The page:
Research Papers

Pressure Welding of Thin Sheet Metals: Experimental Investigations and Analytical Modeling

[+] Author and Article Information
Sasawat Mahabunphachai

Department of Mechanical Engineering, NSFI/UCR Center for Precision Forming, Virginia Commonwealth University, Richmond, VA 23284; Department of Mechanical Engineering, University of Michigan, Ann Arbor, MI 48109

Muammer Koç

Department of Mechanical Engineering, NSFI/UCR Center for Precision Forming, Virginia Commonwealth University, Richmond, VA 23284

Jun Ni

Department of Mechanical Engineering, University of Michigan, Ann Arbor, MI 48109

matweb.com and hpmetals.com.

J. Manuf. Sci. Eng 131(4), 041003 (Jul 07, 2009) (9 pages) doi:10.1115/1.3160597 History: Received March 04, 2008; Revised January 27, 2009; Published July 07, 2009

Emerging applications, such as fuel cell, fuel processor, heat exchanger, microreactors, etc., require joining of thin metallic plates in confined places with small dimensions and minimal damage to the surrounding areas. In this study, the feasibility and modeling of pressure welding (solid state bonding) process are investigated, specifically for bonding of thin sheet metals. The effects of material type (e.g., copper, nickel, and stainless steel) and initial plate thickness (51254μm) as well as process conditions (e.g., welding pressure and temperature, 25300°C) on the minimum welding pressure and the final bond strength are experimentally studied. A pressure welding apparatus was developed for testing of different materials and process conditions. Based on the experimental results, the effects of material and process conditions on the final bond quality are characterized. At room temperature, copper and nickel blanks were successfully bonded, while stainless steel blanks could only be joined at elevated temperature levels (150°C and 300°C). The material type (i.e., strength) and thickness were shown to have significant impact on the welding pressure; in that more pressure is required to bond the blanks with higher strength or thinner. To reduce the required welding pressure, the process can be carried out at elevated temperature levels. In this study, the bond strength of the welded blanks was characterized with uniaxial testing. The tensile test results showed that the bond strength could be increased by increasing the welding pressure or temperature. However, the increase in bond strength by increasing the welding pressure was shown to have an optimal point, after which the bond strength would decrease with further increase in pressure. This critical pressure value was found to be dependent on the material and process conditions. In addition, bond formation mechanisms for different materials were studied through microscopic analyses. The microscopy images of the weld spots showed that for a successful bonding to take place, the contaminant layers at the surfaces must be removed or broken to allow the virgin metal underneath to be extruded through. The metallic bonds only form at these locations where both surfaces are free of contaminant layers. Finally, a model for bond strength prediction in pressure welding was developed and validated. This model includes the sheet thickness parameter, which is shown to be a critical factor in bonding thin sheet metals with the sheet thickness in the range of a few hundred micrometers.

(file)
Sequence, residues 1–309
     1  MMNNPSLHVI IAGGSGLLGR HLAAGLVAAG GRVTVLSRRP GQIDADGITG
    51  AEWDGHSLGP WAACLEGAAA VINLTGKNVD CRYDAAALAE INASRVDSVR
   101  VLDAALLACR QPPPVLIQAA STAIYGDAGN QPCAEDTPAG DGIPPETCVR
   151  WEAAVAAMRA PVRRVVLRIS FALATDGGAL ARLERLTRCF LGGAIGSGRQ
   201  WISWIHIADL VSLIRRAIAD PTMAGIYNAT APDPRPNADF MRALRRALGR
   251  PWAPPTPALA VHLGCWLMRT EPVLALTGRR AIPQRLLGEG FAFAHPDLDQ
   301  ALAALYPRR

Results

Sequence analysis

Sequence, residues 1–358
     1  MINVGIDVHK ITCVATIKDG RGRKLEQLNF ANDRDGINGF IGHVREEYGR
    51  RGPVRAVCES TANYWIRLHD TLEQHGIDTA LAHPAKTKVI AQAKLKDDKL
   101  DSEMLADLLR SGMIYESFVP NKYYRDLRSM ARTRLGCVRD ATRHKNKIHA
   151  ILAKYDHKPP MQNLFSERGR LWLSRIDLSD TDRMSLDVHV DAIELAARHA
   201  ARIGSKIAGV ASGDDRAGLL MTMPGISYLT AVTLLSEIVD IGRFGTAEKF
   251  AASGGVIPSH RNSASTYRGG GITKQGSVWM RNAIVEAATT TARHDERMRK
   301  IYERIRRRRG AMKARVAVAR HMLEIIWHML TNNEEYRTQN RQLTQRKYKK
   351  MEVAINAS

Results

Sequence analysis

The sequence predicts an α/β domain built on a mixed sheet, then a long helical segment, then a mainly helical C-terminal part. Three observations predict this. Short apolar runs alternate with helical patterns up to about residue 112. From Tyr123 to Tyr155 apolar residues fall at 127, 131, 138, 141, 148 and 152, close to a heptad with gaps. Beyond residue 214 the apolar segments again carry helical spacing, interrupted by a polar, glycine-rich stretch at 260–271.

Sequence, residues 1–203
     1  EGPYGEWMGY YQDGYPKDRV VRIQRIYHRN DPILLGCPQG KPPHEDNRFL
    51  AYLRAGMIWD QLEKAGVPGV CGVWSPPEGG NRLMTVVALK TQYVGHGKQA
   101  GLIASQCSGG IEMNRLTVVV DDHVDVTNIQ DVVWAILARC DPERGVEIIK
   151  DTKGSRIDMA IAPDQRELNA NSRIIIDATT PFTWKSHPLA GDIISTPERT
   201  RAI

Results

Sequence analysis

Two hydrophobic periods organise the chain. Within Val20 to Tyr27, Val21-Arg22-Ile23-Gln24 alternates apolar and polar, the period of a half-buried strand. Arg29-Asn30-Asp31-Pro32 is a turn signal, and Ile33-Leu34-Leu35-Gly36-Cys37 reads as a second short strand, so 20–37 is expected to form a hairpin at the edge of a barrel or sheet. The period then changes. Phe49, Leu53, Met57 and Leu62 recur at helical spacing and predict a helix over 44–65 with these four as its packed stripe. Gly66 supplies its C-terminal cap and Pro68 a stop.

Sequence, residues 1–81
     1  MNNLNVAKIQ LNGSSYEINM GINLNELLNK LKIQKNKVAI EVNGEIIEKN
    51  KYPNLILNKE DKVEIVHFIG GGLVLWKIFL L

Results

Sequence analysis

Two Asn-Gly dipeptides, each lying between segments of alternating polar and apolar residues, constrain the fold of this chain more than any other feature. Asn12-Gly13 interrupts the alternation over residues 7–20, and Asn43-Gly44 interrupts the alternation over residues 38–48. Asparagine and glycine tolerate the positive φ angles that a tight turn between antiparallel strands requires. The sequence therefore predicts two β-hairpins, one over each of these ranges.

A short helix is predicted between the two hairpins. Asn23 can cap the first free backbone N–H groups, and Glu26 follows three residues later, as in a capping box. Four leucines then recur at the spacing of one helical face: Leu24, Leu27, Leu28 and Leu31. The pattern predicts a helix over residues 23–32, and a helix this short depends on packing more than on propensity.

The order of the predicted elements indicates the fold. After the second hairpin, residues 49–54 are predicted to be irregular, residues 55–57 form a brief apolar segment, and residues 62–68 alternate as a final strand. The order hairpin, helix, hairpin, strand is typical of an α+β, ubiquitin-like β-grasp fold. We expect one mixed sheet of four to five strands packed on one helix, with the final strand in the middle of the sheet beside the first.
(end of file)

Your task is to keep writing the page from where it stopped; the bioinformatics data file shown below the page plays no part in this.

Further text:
Copyright © 2009 by American Society of Mechanical Engineers
Your Session has timed out. Please sign back in to continue.



Grahic Jump Location
Figure 1

Experimental apparatus for cold and warm pressure welding

Grahic Jump Location
Figure 2

Calculation of weld area

Grahic Jump Location
Figure 3

Tensile test of bonded specimens under shear loading

Grahic Jump Location
Figure 4

Effect of material type and thickness on the minimum welding pressure and its variation

Grahic Jump Location
Figure 5

Effect of welding pressure on the bond strength under shear loading (YS is the yield strength of the material)

Grahic Jump Location
Figure 6

Effect of welding temperature on thickness reduction and bond strength

Grahic Jump Location
Figure 7

Microscopic images at the bonding sites

Grahic Jump Location
Figure 8

Calculation of the deformed area, A

Grahic Jump Location
Figure 9

Validation of the proposed model using (a) the experimental data in this study and (b) from the literature in Ref. 15



Some tools below are only available to our subscribers or users with an online account.

Related Content

Customize your page view by dragging and repositioning the boxes below.

Related Journal Articles
Related eBook Content
Topic Collections

Sorry! You do not have access to this content. For assistance or to subscribe, please contact us:

  • TELEPHONE: 1-800-843-2763 (Toll-free in the USA)
  • EMAIL: asmedigitalcollection@asme.org
Sign In